Just like cats and dogs, rabbits can suffer from serious problems if not neutered.
The most common is behavioural issues such a territorial behaviour and aggression, but males can get testicular cancer and females can develop womb cancer – both of which can be fatal. We therefore advise neutering rabbits from 4 months of age. The surgical procedure is very simple and your bundle of fur will be able to go home the very same day.
When you bring your bunny in for their operation, ensure they eat well overnight and in the morning before you bring them in. Rabbits do not need to be starved as with other animals, as it is actually very dangerous for them. We ask that you line their carrier with newspaper or shredded paper, so as not to irritate them post-surgery. Bring some of your rabbit’s usual food and a portion of their favourite vegetables to encourage them to start feeding as soon as they recover from the anaesthetic.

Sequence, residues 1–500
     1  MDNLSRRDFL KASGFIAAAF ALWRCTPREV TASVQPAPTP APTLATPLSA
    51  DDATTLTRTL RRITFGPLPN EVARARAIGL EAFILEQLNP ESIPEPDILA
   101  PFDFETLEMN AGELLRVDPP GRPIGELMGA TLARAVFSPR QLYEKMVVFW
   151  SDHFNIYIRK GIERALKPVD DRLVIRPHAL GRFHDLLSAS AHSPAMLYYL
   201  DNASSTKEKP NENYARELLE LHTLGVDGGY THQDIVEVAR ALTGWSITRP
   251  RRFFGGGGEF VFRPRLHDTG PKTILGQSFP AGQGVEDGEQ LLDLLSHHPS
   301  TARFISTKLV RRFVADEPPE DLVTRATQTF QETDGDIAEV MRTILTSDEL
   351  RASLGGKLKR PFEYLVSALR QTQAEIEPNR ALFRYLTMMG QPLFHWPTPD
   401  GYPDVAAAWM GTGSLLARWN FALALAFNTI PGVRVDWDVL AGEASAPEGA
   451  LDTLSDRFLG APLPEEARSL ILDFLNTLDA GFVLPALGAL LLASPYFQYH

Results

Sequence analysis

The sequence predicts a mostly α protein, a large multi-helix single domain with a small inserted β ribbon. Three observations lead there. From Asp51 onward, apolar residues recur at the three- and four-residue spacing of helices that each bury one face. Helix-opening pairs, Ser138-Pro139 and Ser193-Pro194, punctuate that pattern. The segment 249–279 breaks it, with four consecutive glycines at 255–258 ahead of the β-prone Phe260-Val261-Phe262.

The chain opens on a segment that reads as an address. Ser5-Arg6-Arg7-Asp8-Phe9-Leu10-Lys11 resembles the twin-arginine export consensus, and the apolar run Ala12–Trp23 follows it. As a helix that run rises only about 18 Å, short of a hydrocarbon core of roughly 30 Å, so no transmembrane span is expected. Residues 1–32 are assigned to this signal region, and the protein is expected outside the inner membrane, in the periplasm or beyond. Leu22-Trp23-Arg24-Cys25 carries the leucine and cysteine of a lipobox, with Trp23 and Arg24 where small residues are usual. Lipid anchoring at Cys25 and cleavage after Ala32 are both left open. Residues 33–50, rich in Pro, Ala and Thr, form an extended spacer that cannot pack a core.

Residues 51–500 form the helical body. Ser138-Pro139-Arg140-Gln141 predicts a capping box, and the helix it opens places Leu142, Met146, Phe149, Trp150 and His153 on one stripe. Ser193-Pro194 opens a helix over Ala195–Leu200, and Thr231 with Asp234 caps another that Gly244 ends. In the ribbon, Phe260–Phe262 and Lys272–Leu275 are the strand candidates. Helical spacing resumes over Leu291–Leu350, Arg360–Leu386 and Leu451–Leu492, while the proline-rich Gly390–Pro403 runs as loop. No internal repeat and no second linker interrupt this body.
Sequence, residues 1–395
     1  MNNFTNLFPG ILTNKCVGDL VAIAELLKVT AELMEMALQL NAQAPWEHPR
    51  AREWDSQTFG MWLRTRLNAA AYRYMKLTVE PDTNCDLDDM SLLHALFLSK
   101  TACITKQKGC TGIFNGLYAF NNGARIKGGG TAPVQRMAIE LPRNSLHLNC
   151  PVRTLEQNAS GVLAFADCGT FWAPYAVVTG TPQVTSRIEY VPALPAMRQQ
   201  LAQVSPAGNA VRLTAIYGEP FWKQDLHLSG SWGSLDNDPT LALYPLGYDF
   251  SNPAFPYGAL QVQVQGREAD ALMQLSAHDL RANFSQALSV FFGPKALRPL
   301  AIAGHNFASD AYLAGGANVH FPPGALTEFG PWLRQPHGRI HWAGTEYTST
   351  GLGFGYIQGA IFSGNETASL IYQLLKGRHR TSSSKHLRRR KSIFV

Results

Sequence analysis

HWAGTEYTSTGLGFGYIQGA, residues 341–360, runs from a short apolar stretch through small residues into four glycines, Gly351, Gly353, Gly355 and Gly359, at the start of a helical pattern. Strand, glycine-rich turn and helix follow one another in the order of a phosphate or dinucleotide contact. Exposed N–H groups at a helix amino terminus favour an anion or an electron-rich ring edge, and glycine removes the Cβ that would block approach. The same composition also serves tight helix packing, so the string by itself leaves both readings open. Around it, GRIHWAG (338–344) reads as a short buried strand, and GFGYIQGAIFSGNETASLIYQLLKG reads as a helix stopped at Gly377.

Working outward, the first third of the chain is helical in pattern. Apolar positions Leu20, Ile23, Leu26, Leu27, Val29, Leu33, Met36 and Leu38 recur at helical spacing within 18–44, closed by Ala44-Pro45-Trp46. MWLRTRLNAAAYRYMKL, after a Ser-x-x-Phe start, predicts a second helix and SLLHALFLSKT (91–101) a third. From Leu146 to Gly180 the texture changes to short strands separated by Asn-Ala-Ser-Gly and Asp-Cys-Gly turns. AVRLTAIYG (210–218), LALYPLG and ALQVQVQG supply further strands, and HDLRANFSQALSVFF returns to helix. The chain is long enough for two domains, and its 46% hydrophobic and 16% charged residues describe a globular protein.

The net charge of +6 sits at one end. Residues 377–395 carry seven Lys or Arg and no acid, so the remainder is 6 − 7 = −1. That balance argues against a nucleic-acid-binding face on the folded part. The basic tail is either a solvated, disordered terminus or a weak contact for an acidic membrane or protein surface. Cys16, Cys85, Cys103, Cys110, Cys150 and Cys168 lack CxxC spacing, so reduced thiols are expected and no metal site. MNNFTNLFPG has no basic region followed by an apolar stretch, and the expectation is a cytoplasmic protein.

If your bunny lives outside, it is advisable to move them indoors for the first night and for a couple of days, to keep them warm and so you can monitor them more closely.
Female rabbits can be spayed as soon as they are sexually mature, so usually around 4 – 6 months old.
Males can be castrated as soon as their testicles descend – usually around 8-12 months. (male rabbits from 12 weeks).
Note: Male rabbits do not become sterile immediately after castration. We recommend keeping your male bunny away from un-spayed adult females for at least 6 weeks after his procedure.